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TCU News: “I would be for whatever players can participate to be able to participate.”

Is Nick Saban angling to play the Frogs week one?

Links O' War
Links O’ War
Danny Mourning

Football:

Big 12 takes a significant step toward starting college football on time | The Star-Telegram

We might have a season!

“This phased approach is intended to permit gradual adoption of best practices for mitigation of COVID-19 as well as ensuring a safe environment and appropriately prepared facilities,” the conference said in a statement. “Until these dates, the Conference’s activities policy that was scheduled to sunset May 31 remains in effect for all Big 12 student-athletes.”

This is a significant step toward the college football season starting on time for those schools and teams being able to play complete seasons. Most believed that programs would need at least six weeks to prepare for a season, and this will give them more than 11 weeks before Week 1 games.

Big 12 schools will have to adhere to local and state protocols amid the coronavirus pandemic. All five states in which Big 12 schools are located (Texas, Oklahoma, Iowa, Kansas and West Virginia) have allowed gyms to reopen in limited capacity.

Staff picks: Which underdog can shake up the 2020 college football season with a massive upset? | CBS Sports

Thanks, Barrett!

Date: Saturday, Oct. 31

Oklahoma usually has a Big 12 game where it struggles to wake up, sleepwalks through a half or so and can’t finish off a rally late in a game. That game will be against TCU this year. The Sooners will be playing their sixth straight game and will to travel to Fort Worth one week after the Bedlam rivalry with Oklahoma State. While it’s true that the Horned Frogs will be on similar rest, playing a game against Baylor — even though it’s an in-state rivalry — pales in comparison to Bedlam. The Horned Frogs defense, led by all-everything defensive back Trevon Moehrig-Woodard, will rattle Sooners quarterback Spencer Rattler (pun intended ... I’m not sorry) and give the Sooners no margin for error in the race to return to the College Football Playoff for a fourth consecutive year.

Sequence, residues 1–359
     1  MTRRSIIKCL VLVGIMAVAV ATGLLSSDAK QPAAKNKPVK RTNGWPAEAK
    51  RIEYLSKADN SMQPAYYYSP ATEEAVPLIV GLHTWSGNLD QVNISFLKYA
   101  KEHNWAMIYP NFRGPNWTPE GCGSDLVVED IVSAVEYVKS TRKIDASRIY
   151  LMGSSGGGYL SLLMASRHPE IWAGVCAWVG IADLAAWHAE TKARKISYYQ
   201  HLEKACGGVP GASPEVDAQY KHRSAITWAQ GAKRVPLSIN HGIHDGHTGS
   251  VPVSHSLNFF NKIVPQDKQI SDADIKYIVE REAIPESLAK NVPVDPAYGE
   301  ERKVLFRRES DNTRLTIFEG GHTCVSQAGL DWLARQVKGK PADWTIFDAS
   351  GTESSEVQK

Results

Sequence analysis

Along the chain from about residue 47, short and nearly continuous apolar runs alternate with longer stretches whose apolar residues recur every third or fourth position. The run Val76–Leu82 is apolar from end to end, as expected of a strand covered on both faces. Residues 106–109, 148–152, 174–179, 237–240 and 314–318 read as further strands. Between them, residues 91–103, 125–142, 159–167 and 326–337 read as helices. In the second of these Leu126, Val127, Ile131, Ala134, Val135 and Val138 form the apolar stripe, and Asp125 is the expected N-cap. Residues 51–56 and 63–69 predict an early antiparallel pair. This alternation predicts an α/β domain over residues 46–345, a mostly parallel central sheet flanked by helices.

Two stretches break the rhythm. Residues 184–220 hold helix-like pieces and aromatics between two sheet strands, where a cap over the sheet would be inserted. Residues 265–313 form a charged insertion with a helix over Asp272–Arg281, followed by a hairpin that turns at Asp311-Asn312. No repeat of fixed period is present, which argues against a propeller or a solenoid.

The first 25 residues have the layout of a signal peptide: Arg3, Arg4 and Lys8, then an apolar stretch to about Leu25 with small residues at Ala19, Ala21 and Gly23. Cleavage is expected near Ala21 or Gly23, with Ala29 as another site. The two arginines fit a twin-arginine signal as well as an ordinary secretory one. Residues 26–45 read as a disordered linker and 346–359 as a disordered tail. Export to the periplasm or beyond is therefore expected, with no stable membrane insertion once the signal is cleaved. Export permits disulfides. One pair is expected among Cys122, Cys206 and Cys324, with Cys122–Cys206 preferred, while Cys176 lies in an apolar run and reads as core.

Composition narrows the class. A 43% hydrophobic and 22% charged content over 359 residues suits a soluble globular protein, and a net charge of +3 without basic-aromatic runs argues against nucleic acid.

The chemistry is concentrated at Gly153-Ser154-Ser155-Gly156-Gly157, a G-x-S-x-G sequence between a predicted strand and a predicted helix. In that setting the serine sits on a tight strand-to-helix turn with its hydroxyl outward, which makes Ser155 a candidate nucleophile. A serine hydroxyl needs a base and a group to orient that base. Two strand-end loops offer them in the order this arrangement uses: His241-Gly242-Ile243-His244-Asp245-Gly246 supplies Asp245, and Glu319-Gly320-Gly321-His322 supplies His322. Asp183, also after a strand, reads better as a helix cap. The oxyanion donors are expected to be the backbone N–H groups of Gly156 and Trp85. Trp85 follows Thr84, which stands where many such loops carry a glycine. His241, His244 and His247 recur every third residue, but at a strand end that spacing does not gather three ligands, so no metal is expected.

Five Covid-19 Predictions For The 2020 College Football Season | Sports Illustrated

This rumor continues to swirl, but it’s the weekly zoom calls with media that are most intriguing to me.

3. Several non-conference games will either be cancelled, or rescheduled. The clock is probably ticking on Michigan’s trip out west to Washington and the Buckeyes’ doing the same to face Oregon. Reports are Alabama is already looking at a local replacement like TCU for USC in its Week 1 kickoff classic at Jerry World. Expect the month of June to be filled with numerous reports of cancelled or rescheduled non-conference games. For example, I expect Michigan to replace Washington and Arkansas State with instate MAC opponents. The unique challenge of this season could also finally call the question as to why we’re still scheduling 10 years out for college football?

Nick Saban hinting potential opening matchup with TCU? | Roll Tide Wire

Bama wants TCU?

“Let’s just take the scenario of what if they can’t play in California or they say they can’t play in California. Well, we play USC the first game. TCU plays Cal, for example, the first game. So, what if they can’t play in California, but we can play, aight? Well, we obviously can’t play a game, maybe we play TCU instead of Southern Cal because they can’t play a California school, as well. But is it a fair question to say just because California can’t play, none of the other players can participate and play? That’s a pretty tough debate. I would be for whatever players can participate to be able to participate, and it may not be completely fair.”

Colleges Could Lose $4 Billion If There Is No College Football Season In 2020, According To New Study | USports.org

Football will survive. Other sports may not.

According to the study, it was discovered that schools in the Power Five conferences, the SEC, BIG 10, BIG 12, ACC and PAC 12, could lose $4 billion if there is no season in 2020.

TCU athletic director Jeremiah Donati said that if the college football season is canceled, there will most likely be significant changes to athletic departments across the country. “If there’s no football season, or if football season is interrupted or shortened, there will be a massive fallout,” he said. “There would have to be massive cutbacks. Could the department go on? Sure. It would probably look smaller. There would potentially be fewer sports and much less programming.”